Daniel Estrin spotlights a unique challenge for couples looking to get married in Israel – the proof of a matrilineal Jewish ancestry to satisfy the Orthodox tradition:
[T]hey call Har-Shalom, who runs a nonprofit detective agency that specializes in sniffing out long-lost Jewish ancestry. His agency, called Shorashim (Hebrew for “roots”), is funded in part by the Israeli government. Each year he takes on roughly 1200 cases that test his fluency in Yiddish and Russian dialects, his familiarity with czarist and Soviet history, and his patience for combing through old Soviet archives. He then presents his findings to a rabbinic court, which almost always accepts his expert opinion about a citizen’s Jewish identity.
Estrin followed a genealogist working with Har-Shalom and witnessed the depth of the detective work:
An archivist willing to breach protocol located Olga’s grandmother’s original birth registration, which identified her as Jewish. Olga then paid Paley another $400 to secure a copy of her great-grandfather’s KGB file, which classified her great-grandmother as Jewish. Although these documents bolstered his case, Har-Shalom’s investigation dragged on for two more years.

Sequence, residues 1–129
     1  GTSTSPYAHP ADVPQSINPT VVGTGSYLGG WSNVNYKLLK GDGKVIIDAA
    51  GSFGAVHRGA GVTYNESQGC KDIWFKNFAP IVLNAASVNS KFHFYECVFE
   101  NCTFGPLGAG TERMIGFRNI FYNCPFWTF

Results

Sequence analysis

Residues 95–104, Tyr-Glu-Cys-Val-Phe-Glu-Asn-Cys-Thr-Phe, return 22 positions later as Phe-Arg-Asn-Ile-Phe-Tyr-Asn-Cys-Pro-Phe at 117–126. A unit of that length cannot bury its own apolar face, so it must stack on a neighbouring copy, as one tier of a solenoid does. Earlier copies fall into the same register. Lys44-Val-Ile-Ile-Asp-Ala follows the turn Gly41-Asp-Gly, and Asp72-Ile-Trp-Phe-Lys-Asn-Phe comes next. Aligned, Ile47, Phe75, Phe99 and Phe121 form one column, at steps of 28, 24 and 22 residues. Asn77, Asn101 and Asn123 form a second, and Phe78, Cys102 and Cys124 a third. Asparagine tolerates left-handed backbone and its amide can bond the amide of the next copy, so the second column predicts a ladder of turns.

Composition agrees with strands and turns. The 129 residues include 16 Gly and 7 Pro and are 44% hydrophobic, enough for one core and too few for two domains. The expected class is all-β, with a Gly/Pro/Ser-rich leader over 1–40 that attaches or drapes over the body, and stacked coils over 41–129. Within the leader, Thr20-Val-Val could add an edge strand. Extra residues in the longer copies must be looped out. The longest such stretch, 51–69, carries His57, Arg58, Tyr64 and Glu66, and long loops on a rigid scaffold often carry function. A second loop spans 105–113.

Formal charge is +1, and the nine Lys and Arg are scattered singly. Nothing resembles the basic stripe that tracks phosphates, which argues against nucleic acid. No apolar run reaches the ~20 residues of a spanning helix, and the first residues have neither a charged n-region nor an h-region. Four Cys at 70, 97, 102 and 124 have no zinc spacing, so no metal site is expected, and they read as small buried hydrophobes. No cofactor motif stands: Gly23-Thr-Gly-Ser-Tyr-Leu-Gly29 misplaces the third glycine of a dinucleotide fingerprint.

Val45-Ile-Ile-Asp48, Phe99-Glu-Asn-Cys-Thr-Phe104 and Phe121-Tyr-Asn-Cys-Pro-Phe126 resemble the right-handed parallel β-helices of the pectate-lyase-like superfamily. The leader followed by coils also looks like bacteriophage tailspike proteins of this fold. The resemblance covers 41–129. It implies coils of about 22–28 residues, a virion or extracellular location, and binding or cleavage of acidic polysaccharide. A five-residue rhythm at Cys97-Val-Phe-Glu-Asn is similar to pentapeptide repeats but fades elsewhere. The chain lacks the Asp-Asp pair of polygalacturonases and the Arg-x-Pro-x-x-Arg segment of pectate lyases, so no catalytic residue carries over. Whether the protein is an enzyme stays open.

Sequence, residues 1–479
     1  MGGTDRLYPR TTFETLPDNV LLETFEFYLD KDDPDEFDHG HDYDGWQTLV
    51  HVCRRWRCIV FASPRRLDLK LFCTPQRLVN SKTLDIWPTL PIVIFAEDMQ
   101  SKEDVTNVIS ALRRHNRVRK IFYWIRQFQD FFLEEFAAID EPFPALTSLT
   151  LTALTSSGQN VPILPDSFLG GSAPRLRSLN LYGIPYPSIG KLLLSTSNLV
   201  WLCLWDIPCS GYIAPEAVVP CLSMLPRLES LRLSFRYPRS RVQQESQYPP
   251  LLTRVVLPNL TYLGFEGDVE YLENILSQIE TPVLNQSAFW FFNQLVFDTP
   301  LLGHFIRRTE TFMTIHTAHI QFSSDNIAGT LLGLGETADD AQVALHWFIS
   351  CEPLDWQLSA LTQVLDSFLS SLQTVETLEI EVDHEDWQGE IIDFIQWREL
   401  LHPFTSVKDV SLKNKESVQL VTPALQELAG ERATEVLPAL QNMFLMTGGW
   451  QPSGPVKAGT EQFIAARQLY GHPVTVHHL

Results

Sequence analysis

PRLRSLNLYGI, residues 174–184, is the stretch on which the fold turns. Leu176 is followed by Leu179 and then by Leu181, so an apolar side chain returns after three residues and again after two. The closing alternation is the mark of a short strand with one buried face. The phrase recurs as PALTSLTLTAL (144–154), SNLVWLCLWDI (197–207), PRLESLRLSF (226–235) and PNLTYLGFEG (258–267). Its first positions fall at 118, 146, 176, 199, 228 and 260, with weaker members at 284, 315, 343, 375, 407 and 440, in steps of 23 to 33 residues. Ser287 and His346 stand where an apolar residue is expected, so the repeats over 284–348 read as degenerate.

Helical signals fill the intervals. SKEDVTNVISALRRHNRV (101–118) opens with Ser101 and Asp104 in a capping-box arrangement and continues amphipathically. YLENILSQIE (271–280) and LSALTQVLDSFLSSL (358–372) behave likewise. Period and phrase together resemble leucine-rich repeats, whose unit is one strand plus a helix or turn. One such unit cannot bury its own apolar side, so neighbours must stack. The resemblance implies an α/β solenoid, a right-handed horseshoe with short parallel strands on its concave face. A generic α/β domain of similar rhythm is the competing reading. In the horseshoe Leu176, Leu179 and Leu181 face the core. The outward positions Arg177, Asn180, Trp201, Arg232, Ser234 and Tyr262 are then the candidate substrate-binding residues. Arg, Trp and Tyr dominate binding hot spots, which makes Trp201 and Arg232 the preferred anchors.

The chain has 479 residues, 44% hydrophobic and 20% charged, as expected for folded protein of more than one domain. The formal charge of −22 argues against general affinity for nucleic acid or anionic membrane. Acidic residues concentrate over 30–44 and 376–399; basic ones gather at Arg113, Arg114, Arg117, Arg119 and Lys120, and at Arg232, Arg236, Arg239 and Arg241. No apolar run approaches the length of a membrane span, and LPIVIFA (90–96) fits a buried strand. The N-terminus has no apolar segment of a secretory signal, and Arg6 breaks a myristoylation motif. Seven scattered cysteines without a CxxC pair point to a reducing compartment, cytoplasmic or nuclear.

Finally, last month, Olga was summoned to an Israeli rabbinical court. A judge sat at a raised bench. He reviewed the report Har-Shalom submitted of the evidence he gathered. Then the judge held up an old family photograph. “Who is in this picture?” he asked the defendant. Olga identified her mother, her grandmother, and her grandfather’s friend. The hearing lasted 15 minutes, and at the end, the judge handed down his verdict: Olga is Jewish. By extension, her daughter is, too.